With the announcement that SCOTUS is finally going to deal with all of the growing pile of appellate rulings on marriage equality there is an anticipation of victory among gay rights advocates and our friends. Many people are assuming that the inevitable outcome of this review will be the same sex equivalent of Loving vs Virginia in which the court swept aside anti-miscegenation statutes. They expect to see a clear ruling that marriage between people of the same sex in a fundamental constitutional right applicable to all citizens regardless of which state they live in. That is what I hope will result, but I am not entirely convinced that it is inevitable.
The first page of a petition seeking Supreme Court review is the most important. It sets out the “question presented,” the one the court will answer if it takes the case.
The justices do not ordinarily tinker with the wording of those questions. But on Friday something unusual happened: In agreeing to hear four same-sex marriage cases, the court framed for itself the issues it would address.
Lawyers and scholars scrutinized the court’s order with the anxious intensity of hypochondriacs attending their symptoms. Some saw an attempt by Chief Justice John G. Roberts Jr. to elicit a ruling that would stop short of establishing a nationwide constitutional right to same-sex marriage.
What is happening here is that the court has consolidated four separate cases for the purpose of this review. They all come from the 6th circuit which has taken an anti-marriage equality position. Each of these four petitions originally came with their own presenting questions. To some extent what is being done here is to pull all the cases together into a common issue. However in doing so they came up with two related but separate questions.
The court’s first question: “Does the 14th Amendment require a state to license a marriage between two people of the same sex?”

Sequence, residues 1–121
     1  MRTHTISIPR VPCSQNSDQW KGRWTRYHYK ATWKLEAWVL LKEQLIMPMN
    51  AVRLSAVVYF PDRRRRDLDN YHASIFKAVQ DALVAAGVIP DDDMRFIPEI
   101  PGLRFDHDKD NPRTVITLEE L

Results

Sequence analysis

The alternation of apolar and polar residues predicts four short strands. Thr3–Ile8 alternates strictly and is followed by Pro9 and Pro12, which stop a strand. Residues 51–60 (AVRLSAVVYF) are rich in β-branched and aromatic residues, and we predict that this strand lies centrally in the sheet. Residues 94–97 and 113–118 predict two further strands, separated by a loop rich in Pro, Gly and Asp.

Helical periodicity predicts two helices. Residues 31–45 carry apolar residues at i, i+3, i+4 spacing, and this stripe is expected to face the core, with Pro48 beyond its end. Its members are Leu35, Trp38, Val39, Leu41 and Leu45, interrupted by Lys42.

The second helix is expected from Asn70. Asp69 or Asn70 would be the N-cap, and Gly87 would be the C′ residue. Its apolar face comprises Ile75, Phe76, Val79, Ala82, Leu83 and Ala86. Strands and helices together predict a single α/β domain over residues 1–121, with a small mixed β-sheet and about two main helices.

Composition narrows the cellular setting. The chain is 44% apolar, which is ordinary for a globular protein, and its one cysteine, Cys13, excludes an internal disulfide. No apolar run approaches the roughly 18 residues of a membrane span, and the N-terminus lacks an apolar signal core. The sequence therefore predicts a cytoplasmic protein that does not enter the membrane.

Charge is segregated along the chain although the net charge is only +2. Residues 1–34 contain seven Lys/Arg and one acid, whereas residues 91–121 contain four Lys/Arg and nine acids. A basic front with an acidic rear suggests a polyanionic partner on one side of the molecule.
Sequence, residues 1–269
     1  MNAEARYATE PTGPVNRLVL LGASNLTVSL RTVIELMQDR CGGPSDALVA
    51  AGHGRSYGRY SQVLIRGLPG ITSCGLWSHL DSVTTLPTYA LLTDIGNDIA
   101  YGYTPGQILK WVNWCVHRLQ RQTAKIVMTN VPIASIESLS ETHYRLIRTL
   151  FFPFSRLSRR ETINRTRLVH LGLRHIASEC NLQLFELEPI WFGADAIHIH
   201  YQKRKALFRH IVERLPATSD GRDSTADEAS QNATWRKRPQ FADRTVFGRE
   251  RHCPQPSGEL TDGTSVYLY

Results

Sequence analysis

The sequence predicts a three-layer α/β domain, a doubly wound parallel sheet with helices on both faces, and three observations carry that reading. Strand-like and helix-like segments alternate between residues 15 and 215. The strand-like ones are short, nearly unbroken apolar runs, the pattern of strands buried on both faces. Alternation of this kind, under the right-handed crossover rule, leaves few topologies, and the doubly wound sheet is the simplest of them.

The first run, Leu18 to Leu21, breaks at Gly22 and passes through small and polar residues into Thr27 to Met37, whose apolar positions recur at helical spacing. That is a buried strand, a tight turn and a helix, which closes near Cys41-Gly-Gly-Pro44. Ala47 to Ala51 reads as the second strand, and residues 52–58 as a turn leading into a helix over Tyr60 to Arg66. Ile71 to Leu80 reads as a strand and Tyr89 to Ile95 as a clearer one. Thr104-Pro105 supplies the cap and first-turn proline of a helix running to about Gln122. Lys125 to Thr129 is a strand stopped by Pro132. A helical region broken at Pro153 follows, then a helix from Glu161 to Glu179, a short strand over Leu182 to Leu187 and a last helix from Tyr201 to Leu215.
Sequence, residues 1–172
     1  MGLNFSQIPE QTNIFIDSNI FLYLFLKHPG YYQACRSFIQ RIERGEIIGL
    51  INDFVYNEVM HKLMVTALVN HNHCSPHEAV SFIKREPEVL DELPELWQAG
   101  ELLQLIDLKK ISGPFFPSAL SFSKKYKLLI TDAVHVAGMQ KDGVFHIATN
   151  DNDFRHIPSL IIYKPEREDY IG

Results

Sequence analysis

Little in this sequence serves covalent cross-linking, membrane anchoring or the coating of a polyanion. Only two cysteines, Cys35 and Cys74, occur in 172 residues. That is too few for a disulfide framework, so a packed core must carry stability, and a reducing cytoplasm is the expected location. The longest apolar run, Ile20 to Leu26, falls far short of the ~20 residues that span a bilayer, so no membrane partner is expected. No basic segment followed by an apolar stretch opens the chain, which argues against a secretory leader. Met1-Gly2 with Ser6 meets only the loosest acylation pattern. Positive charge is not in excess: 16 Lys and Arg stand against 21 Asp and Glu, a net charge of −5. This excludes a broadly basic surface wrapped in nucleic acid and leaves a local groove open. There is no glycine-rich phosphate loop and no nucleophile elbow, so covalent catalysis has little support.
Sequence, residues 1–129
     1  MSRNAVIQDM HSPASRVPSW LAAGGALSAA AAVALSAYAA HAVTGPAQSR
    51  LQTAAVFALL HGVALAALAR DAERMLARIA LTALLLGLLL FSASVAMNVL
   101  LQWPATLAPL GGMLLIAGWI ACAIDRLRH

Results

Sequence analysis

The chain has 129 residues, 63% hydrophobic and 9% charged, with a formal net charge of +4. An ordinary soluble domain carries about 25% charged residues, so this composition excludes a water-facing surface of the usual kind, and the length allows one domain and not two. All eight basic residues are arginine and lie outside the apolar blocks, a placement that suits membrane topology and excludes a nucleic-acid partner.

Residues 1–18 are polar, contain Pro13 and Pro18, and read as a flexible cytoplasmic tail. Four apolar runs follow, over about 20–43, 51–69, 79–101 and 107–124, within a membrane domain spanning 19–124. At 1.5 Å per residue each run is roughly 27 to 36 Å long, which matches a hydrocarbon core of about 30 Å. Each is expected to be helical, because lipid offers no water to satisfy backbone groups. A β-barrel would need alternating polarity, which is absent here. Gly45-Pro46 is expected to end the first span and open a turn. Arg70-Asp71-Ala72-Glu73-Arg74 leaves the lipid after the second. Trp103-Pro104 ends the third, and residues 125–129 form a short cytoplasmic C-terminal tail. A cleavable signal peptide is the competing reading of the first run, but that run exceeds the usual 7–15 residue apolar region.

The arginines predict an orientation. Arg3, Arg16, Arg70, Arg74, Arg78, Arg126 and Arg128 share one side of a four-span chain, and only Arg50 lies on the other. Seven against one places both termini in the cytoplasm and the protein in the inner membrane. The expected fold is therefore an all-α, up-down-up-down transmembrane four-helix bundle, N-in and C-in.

The second: “Does the 14th Amendment require a state to recognize a marriage between two people of the same sex when their marriage was lawfully licensed and performed out-of-state?”
If the court were to give an affirmative answer to the second question that would seem to render the first one moot. If a state is required to issue marriage licenses to same sex couples, then surely it is required to recognize marriages performed in other states. The speculation that is being raised is that a court majority could answer yes the the first question and not to the second. This would result in the sort of middle of the road, split the baby in half, approach that they took in Windsor and set off the ensuing string of contradictory appellate rulings.
The court has scheduled separate arguments on both questions. There really is not much question that there is a division in opinion on the court. They have been kicking the can down the road in search of a majority position. It does seem plausible that they have not already achieved a clear majority consensus on the matter and are just going through the proper procedure so that they can issue a ruling that they have already agreed to. I do not think that the final opinion has been written yet. Loving was a decision issued by the Warren court. The Roberts court is a very different state of affairs.
What would a middle of the road ruling of national recognition but not national licenses mean to people. Obviously a couple living in Alabama could take a trip to California and get married. When they returned home they should be able to heave that marriage registered. However, if you look at all of the weaselly ways that right wings states have attempted to undermine abortion rights, it doesn't seem far fetched to imagine efforts to give out of state marriages some sort of second class status with less than equal rights.
At this point the train is headed down the track. Oral arguments may give further hints about what is going on, but we won't know anything for certain until a final ruling is issued.